On Grady Chambers's North American Stadiums


North American Stadiums, Grady Chambers
112 pp. Milkweed Editions, 2018.

Grady Chambers’s debut collection, the first recipient of the Max Ritvo Poetry Prize and selected for publication by Henri Cole, is primarily concerned with nostalgia for an American masculinity that in 2018 feels both irretrievably lost and—to this reader—perhaps a dangerous relic of our past. The first poem in the book, “Explaining the Resurrection in Simple Words,” sets up nostalgia’s spiritualized arrival, placing us at a baseball diamond for an evening game, for a moment of pure Americana. From there, the poems gather memories in each of the four sections.

            Time and place take center stage in this collection. “Syracuse, October” opens the first section with the surprising charm of this erasure: “Fuck the hot autumns of Charleston, fuck handsome / Alabama, fuck the Deep South alcoholics…” The speaker of this poem drives north toward the titular city. Driving will be a key action in many of the poems in the collection, continuing in the next poem, “The Life,” which begins in a Chevy with the words “So I drove.” The cities are primarily Midwestern ones, titans of industry like Detroit, Chicago, Milwaukee, and Pittsburgh, and these poems seem to yearn for that lost majesty when manufacturing jobs were a man’s path to an honest life, a home, a family, and when professional sports were his reliable escape from its doldrums. Many poems situate themselves in a day of the week (“Sunday Morning,”), a month (“Jackknife”), a season (“A Summer,” “Memorial Day,” “The Syracuse Poem”), or even a year (“Dispatch: Canal Zone,” “Forbes Field, Pittsburgh, 1966”), or the poems recall a specific moment in the speakers’ past (“Another Beauty I Remember,” Thousand Islands,” “Far Rockaway,” “Pin”). The poems’ obsession with time (and timeliness) saturates the collection with a sepia tone—an idealized America that feels primarily concerned with mourning what now feels like the roots of toxic masculinity.

            This lost and revered masculinity lurks in the shadows of this collection. It appears in the skyline of cities, where “the smokestacks of US Steel / rose like an organ in a church” (“Another Beauty I Remember”). The poem continues:

I keep taking the long road back
to that summer because the image won’t leave me:
weekend evenings, gin and driving south, smoke
blasting from the factory stacks,
the men glancing up at the flash of our passing.
We were going to spend all night drinking gin
on an Indiana beach. Dust had settled
like fragments of a hand grenade, like silver wings
across the backs of men. We were going to tell each other
what was beautiful.

There’s something simple and pure and deeply rural about this memory—yet the speaker’s disclosure that he and his friends could discuss beauty after getting drunk on gin, beatifying the industrial workers from the factory along way, feels like an acknowledgement that even within this sacred masculinity, something is wrong, impaired, undeveloped.

As much as the speakers in the poems yearn for an emotional connection to other men (and a few women), this desire also manifests at times as physical violence between men. “A man passed me on the street / saying, Something in your face / makes me want to hurt you.” (“Blue Handgun”). Later in this poem, a man beaten, perhaps by the speaker’s father, crawls across their lawn toward a waiting car. Though the speaker isn’t sure why the man has been hurt, the image scars him, and for weeks after he views his father as “a tower,” and sees men outside the house who terrify him. “Jackknife,” exploring the speaker’s childhood friendship with a boy named Jacob, says, “Twenty-eight years / and what have I given you? / A knee to the eye. / A throat-hold / on a schoolyard court / our knees gashed by asphalt. / So violence, / Jacob, but tenderness / too…”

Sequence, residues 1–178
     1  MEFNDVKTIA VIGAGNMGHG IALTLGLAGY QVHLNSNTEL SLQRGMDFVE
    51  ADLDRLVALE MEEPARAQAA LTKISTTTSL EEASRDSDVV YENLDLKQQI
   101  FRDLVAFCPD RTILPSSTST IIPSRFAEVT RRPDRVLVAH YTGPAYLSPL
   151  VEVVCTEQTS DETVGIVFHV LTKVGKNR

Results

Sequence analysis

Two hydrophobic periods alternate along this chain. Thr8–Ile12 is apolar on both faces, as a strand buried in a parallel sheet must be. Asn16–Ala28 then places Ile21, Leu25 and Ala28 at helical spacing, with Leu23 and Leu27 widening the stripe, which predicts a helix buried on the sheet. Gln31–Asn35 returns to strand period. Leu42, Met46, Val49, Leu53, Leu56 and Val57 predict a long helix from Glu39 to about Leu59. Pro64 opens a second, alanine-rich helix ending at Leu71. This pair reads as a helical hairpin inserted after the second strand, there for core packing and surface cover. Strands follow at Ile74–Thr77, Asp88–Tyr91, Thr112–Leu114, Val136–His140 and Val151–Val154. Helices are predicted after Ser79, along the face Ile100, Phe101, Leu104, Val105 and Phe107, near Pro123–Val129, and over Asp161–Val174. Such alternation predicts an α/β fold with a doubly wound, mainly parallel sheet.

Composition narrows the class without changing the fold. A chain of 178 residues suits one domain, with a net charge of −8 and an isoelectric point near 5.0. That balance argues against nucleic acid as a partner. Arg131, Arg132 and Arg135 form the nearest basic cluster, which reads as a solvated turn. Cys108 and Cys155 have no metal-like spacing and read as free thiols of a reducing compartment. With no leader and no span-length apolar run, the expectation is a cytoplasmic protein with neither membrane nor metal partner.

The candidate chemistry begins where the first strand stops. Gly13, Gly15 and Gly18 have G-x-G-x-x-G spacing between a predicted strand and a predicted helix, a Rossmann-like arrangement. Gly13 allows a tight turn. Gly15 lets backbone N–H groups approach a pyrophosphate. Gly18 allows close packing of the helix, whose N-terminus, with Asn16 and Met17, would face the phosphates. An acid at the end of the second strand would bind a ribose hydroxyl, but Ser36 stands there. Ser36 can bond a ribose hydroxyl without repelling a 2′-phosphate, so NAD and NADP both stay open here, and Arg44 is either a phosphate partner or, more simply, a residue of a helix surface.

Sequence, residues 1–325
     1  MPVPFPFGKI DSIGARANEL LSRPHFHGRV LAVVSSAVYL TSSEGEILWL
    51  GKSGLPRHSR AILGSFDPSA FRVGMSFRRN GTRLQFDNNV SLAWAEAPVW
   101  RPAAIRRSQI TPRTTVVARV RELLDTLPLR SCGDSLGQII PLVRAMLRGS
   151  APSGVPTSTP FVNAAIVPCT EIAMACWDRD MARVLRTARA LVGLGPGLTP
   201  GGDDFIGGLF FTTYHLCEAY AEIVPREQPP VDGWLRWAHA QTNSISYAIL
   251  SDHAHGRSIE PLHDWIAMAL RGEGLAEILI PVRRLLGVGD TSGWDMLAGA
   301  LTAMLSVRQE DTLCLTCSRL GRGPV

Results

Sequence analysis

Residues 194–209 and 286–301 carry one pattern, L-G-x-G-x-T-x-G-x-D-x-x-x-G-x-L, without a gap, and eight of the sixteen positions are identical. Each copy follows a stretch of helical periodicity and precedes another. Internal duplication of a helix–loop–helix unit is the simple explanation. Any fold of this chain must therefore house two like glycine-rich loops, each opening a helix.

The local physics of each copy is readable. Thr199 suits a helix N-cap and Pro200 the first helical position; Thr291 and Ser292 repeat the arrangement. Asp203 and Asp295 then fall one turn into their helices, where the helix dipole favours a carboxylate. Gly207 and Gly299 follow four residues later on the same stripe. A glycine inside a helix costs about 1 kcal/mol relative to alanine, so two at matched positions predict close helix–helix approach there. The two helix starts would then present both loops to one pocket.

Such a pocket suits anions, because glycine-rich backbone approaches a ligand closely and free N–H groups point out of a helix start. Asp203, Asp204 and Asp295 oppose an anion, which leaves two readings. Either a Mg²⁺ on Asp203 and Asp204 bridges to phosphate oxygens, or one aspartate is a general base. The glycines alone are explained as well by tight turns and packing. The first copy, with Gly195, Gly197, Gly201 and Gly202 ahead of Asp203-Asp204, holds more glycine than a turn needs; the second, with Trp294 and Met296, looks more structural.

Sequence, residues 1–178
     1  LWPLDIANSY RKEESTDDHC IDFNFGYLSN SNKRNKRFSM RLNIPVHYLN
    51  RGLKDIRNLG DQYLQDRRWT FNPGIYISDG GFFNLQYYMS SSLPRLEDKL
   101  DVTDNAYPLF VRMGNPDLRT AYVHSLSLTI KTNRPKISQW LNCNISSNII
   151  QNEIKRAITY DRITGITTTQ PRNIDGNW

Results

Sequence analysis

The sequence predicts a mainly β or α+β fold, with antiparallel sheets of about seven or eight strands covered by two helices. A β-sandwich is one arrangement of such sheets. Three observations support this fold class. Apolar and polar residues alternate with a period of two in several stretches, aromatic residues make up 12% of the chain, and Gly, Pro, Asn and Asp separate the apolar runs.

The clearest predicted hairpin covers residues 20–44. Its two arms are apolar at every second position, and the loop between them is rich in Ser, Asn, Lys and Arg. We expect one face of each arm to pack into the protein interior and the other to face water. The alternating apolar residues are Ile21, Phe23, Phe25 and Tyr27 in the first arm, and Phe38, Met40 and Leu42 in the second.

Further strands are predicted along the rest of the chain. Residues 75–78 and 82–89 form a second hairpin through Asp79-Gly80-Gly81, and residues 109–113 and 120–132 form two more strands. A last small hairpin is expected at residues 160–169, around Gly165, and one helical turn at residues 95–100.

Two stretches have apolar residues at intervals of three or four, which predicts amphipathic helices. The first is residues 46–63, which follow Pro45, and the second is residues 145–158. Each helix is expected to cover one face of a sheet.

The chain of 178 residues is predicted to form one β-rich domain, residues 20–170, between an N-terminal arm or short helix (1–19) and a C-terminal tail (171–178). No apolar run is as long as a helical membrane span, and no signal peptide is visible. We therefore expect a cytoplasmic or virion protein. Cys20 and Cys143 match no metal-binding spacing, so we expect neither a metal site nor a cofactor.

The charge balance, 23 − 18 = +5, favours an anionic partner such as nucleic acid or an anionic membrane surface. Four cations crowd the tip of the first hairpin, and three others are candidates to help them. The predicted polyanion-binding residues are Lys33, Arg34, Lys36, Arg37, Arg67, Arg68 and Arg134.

The poet’s technique is sharp and finely honed in many of these poems. Chambers uses an evocative structure where he turns nouns into adjectives in front of other nouns: “booted men,” fallen leaves are “streeted leaves,” and the drone-fired missiles of the Iraq war are “joysticked.” Perhaps the most beautiful moment in the collection occurs in “Salt Lake,” when “Noon turned everything white— / heat— / and empty— / shadows walked back / inside their trees.” The book has an overall reverence for the natural world that sometimes feels at odds with its praise of the industrialized society, and the natural moments often feel the most tender and lyric. Chambers’s work, though, overall, has a narrative impulse. Some poems, especially the longer pieces, strive almost to be short stories of line breaks and metaphor. In these, the speaker’s voices are strong, almost domineering, while the spare works such as “Salt Lake” and “Picasso in Milwaukee” actually feel the most confident.

The collection coheres around a simple declaration found in “A Story about the Moon”: “I think about that sometimes / happenstance leading to a life.” Each of the poems in this debut open a window to the past to present there a lost place or relationship, or an event otherwise unremarkable but for its remembrance by the speaker—that happenstance, the coincidence of a spark in the present moment leading us down the wick to its payload in the past.

Charles JensenComment